CHRIS CILLIZZA, CNN POLITICAL REPORTER & CNN EDITOR-AT-LARGE: Yes. Two things on that, Ryan. I think, one, what the Biden people are going to try to do is present him as the capital "F" front runner. He's the guy in the lead. He is the leader in the polls, former vice president, spent four decades in the Senate. The idea of announcing a V.P. is trying to make this an inevitability case that he's going to be the nominee. He's going to be the guy. The problem -- there are a few but the problem you raise as it relates to money -- Joe Biden's fundraising operation is built on what, until three years ago, was seen as the only way you build the funding operation. You find wealthy people. You have them bundle money. This is the George W. Bush money. Bundle a bunch of checks from other wealthy friends. And that's how you get to these big dollars. Sanders, O'Rourke, they have already in place national small-dollar online fundraising operations that Biden does not have. The big difference between those two, to raise money online costs this much money for you, the candidate, or something close to it in that you have to set up a Web site and make sure you can take credit cards. Biden has to hold events. It costs money. It's time for the candidate to spend where he is not campaigning. I think that's a real concern for him, one of, I think, several he has.

[11:25:54] NOBLES: We talk about that all the time, covering Bernie Sanders, how he has to spend no time fundraising. His time is talking to voters, talking about policy.

Arlette, from your perspective, in Biden world, is there thought that he is waiting too long or is this calculated on their part? Do they have a strategy in place?

SAENZ: Those around Biden and his supporters and allies say that it's OK that he has waited this long. He has the name recognition and the stature. He is polling high currently. They also argue that his standing among Democratic voters isn't really moving right now at this point. But waiting until potentially April to make his announcement also gives him a little bit of time to put all of the pieces of his puzzle into place. His friends say that he is very aware of the maturity involved in the process of running for president and how much attention is going to be paid when it comes to how much he can raise, what volunteers look like, what his rally is going to look like. So they want to make sure that they have all of their ducks in a row as he gets closer and closer to that announcement.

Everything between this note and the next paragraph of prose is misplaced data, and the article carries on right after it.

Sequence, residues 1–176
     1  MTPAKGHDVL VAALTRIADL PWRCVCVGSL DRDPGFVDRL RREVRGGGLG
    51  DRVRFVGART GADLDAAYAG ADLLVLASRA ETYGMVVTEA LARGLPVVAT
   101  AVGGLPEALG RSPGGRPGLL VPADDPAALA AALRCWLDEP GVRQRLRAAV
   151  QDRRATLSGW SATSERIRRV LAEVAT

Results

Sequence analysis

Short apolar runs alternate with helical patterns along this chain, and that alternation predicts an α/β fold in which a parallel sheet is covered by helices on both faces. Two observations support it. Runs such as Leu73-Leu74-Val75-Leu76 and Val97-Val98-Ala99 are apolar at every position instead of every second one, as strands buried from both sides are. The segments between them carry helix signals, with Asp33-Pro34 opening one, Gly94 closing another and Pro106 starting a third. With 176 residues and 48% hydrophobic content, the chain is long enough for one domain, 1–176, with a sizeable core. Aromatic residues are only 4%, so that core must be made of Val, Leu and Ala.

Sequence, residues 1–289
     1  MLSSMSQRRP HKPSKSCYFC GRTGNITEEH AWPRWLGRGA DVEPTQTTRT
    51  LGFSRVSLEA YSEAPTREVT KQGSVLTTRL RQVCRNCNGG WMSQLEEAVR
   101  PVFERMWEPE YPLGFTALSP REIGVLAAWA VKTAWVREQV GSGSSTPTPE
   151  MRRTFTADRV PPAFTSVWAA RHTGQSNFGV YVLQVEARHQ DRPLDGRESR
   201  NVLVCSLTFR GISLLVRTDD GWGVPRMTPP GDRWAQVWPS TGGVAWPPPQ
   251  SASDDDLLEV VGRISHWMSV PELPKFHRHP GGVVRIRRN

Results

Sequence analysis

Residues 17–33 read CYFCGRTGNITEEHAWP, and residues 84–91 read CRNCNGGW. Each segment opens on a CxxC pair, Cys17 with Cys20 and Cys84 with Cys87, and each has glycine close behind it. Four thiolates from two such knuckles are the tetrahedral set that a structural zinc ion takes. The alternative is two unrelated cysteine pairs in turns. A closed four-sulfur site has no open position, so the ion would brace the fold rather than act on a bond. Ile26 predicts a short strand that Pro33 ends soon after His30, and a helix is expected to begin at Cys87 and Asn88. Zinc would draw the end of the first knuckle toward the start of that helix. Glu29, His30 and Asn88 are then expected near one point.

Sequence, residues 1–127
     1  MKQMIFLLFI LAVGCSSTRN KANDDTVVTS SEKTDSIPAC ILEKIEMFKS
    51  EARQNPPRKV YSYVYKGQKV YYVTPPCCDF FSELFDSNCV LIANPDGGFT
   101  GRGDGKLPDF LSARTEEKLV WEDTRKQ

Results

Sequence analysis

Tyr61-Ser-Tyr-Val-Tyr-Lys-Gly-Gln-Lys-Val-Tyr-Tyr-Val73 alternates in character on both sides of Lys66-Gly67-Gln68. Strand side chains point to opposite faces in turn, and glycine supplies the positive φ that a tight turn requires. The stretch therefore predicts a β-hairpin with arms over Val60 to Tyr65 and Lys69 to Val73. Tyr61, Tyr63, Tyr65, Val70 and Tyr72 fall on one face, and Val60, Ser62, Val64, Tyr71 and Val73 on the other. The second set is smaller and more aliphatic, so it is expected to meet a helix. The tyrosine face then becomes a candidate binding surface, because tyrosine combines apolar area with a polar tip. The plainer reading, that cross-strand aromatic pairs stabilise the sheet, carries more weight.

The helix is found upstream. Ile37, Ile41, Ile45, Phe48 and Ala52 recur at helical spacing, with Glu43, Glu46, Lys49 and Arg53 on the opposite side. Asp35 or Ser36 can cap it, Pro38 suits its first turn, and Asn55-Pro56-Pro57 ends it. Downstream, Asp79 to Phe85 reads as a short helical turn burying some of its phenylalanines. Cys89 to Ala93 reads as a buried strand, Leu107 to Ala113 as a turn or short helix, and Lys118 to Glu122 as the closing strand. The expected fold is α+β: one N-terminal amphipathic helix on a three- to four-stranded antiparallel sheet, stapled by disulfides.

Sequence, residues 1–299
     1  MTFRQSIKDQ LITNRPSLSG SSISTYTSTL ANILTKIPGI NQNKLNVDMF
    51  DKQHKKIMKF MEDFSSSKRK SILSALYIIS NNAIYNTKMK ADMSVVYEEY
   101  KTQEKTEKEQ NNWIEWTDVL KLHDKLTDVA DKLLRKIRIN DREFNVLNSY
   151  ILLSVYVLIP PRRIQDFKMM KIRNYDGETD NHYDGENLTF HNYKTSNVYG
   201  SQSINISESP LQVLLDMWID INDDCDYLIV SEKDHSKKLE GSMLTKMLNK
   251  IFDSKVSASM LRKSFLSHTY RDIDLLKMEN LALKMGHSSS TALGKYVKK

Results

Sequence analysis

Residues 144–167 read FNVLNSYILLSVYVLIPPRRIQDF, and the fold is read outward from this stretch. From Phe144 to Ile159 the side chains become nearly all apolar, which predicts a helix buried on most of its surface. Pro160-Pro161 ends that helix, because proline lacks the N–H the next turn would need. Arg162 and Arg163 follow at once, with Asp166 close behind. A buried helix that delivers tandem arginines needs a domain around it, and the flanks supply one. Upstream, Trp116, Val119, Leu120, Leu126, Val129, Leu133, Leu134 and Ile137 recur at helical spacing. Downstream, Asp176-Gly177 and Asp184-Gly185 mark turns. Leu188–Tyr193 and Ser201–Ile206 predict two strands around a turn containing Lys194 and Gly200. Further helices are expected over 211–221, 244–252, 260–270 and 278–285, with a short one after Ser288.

NOBLES: And perhaps that's not what Beto O'Rourke took into account when he jumped in. Seemed to be shooting from the hip a little bit. A little bit different calculation.

Arlette Saenz, Chris Cillizza, thank you both for being here. We appreciate it.

CILLIZZA: Thanks, Ryan.

NOBLES: And don't forget to watch tonight, a special CNN town hall with 2020 candidate, Elizabeth Warren. CNN's Jake Tapper will moderate from Jackson, Mississippi. That airs tonight, right here at CNN, 9:00 p.m. Eastern.

And coming up, the White House issues a stunning defense of the president after he refuses to call out white nationalism following the New Zealand mosque attacks. Does the president's language play a role? We'll ask a member of the House Foreign Affairs Committee, next.

(COMMERCIAL BREAK)